'Radical religion,' Bush policies threaten security, author contends
By Peter Smith
April 26, 2006
A dangerous brew of "radical religion," a short-sighted oil policy and massive national debt threatens the nation's security, political analyst Kevin Phillips told a Louisville crowd last night.
Nearly 1,000 people gathered at Bellarmine University to hear Phillips, a former Republican strategist who accurately predicted four decades ago that the GOP would gain power as populations shifted from traditional Democratic strongholds to the Sun Belt.
But Phillips now laments the direction he said the party and President Bush are taking.
He said the country has "overreached" by exercising military power around the world and is threatened by becoming the "world's leading debtor" and being increasingly dependent on foreign oil.
Phillips said it is "farcical" for the Bush administration to deny that the Iraq invasion had anything to do with oil.
"Can people picture Dick Cheney waking up in the morning saying, `What are we going to do to democratize Iraq today?'" he asked.
But Phillips focused mostly on the growing role of evangelical Christians in the Republican Party, which he called the "first American religious party."
"The Republican Party shows in the polls as having a much, much higher percentage of people who believe that ... religion and politics should mix than people who are in the middle politically," Phillips said.
This "has enormous crossover into policy in other areas, whether it's foreign policy or U.S. ability to maintain a world-dominating scientific policy," he said.
Phillips said it's important to have an educational system that trains people who "believe in science as opposed to creationism."
Phillips spoke as part of the Wyatt Lecture Series, which brings high-profile authors to Bellarmine. His talk followed the outline of his new book, "American Theocracy: The Peril and Politics of Radical Religion, Oil, and Borrowed Money in the 21st Century."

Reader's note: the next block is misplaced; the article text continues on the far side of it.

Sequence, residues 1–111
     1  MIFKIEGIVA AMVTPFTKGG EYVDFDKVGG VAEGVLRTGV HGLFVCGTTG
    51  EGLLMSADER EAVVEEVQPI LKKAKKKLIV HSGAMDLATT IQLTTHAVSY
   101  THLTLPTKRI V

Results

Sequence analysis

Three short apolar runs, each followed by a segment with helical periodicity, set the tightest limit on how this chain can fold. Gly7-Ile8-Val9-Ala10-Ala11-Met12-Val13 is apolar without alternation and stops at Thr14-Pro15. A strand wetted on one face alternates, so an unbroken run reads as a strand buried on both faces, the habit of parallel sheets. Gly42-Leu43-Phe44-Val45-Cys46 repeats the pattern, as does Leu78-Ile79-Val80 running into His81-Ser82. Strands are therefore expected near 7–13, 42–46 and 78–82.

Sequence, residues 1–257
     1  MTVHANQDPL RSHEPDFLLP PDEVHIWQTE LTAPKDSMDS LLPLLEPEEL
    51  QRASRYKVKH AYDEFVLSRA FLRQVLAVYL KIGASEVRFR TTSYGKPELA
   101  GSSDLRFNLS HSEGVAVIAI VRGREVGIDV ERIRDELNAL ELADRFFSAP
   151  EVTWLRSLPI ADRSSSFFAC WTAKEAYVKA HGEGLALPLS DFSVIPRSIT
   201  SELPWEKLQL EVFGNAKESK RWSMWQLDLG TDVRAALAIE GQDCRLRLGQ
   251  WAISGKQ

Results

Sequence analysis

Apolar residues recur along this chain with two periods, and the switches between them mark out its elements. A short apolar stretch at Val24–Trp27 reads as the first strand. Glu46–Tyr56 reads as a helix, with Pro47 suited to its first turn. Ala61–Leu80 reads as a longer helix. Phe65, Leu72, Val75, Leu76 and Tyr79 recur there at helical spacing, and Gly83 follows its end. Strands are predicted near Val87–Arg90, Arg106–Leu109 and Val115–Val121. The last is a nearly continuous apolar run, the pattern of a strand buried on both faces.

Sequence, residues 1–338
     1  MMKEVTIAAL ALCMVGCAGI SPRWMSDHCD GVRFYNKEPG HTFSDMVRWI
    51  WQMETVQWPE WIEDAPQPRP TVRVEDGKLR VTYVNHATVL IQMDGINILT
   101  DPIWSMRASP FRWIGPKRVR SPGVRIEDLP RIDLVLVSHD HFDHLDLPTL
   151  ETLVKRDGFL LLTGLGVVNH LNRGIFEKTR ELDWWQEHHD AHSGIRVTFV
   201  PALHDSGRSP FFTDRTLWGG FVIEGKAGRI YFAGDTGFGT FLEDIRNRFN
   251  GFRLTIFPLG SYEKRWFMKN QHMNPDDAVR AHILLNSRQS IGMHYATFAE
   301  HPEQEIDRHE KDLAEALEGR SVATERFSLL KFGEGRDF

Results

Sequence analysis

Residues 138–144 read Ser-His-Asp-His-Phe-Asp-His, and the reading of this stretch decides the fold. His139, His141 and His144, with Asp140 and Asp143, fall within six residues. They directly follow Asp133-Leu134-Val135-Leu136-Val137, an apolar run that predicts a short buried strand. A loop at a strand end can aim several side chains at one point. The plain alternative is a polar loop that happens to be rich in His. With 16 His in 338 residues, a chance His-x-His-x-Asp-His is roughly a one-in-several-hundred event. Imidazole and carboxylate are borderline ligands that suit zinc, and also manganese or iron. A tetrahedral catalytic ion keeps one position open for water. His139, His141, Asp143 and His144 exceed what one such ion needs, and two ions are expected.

Phillips compared the United States to historical world powers that went into decline, including ancient Rome and colonial Spain, the Netherlands and Britain.
All of them, he said, went heavily into debt and were enthralled with apocalyptic and aggressive religious movements.
Phillips said leaders of the religious right view Bush as their standard-bearer. He cited anecdotes of Bush comments — some of them disputed by the White House — that the president thinks he's divinely guided.
Phillips said he worries how that might influence Bush's view of a possible confrontation in the Middle East.
"You may get blood and craters and death and everything, but after that you get the Second Coming and wonderful times," he said, but only for "saved Christians."
Phillips said the best that can be said about the opposition Democrats is that they are "inert."
"These are not the sharpest tacks in the hardware store," he said.
Phillips' message resonated with many in the crowd.
"I'm a religious person, but I think radical religion is very, very scary," said Louis Twyman of Louisville. "I hope we don't form that American theocracy."
Louisville resident Vanessa Shepherd agreed.
"To me, church and state should be very separate," she said. "With this administration, I get a little frightened that the two are being mixed."
Reporter Peter Smith can be reached at (502) 582-4469.